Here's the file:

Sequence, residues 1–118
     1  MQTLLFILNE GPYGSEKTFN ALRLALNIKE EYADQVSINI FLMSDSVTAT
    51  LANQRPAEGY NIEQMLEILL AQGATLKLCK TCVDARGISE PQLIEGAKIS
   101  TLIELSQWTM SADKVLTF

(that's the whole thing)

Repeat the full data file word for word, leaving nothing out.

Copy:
Sequence, residues 1–118
     1  MQTLLFILNE GPYGSEKTFN ALRLALNIKE EYADQVSINI FLMSDSVTAT
    51  LANQRPAEGY NIEQMLEILL AQGATLKLCK TCVDARGISE PQLIEGAKIS
   101  TLIELSQWTM SADKVLTF